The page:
Singapore researchers convert pineapple waste into aerogels

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In Singapore, researchers have developed a method to convert pineapple leaf fibers into aerogels with applications in food preservation and wastewater treatment. National University of Singapore Associate Professor Duong Hai-Minh says the aerogels are very versatile. “They are effective as oil absorbents and for heat and sound insulation,” he says. “We have also demonstrated their potential applications in food preservation and wastewater treatment. This is a big step towards sustainable agriculture and waste management, and provides an additional source of income for farmers.”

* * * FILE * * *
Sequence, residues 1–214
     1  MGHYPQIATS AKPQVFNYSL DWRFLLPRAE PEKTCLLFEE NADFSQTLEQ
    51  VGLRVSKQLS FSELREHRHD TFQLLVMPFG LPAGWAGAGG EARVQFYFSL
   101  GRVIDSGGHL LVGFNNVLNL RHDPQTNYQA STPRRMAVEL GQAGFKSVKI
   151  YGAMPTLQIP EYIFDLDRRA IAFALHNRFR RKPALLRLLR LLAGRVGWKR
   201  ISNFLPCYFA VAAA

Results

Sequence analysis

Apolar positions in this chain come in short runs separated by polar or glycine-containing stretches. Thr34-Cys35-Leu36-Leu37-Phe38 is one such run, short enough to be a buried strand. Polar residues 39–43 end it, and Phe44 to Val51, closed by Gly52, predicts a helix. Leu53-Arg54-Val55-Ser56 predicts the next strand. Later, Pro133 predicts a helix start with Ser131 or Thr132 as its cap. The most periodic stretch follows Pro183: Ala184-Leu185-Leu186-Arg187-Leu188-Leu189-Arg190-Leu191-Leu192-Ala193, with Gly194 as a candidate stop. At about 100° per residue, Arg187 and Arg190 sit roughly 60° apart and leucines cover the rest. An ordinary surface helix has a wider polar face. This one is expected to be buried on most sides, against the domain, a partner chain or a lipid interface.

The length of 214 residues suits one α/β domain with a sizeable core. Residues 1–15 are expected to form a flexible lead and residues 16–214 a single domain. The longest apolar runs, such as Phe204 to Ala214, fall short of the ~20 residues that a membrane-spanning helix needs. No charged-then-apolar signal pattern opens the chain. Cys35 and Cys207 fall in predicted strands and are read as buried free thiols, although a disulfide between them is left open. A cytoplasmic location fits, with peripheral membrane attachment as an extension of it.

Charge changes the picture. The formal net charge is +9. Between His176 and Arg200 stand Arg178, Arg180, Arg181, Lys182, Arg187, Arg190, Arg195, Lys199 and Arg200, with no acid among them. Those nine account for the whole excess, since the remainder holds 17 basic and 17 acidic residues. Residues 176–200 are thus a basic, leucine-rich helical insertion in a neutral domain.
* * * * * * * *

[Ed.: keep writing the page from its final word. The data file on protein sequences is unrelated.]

With the addition of activated carbon, the aerogels can be used to preserve fruits and vegetables. “Vast quantities of fresh agricultural produce are discarded due to inadequate post-harvest storage and processing facilities, as well as inefficient or disrupted transportation systems. Therefore, cutting down spoilage can go a long way in reducing waste,” says Professor Nhan Phan-Thien, a senior member of the research team.

And, when coated with diethylenetriamine, the aerogels can remove nickel ions from industrial wastewater. “Due to its high porosity, eco-aerogels are highly efficient in removing metal ions, even in dilute solutions where the amount of metal ions is low. The treatment process is simple, cheaper and does not generate secondary waste,” Duong adds. “Eco-aerogels can also easily desorb the metal ions and be reused several times, further reducing costs.”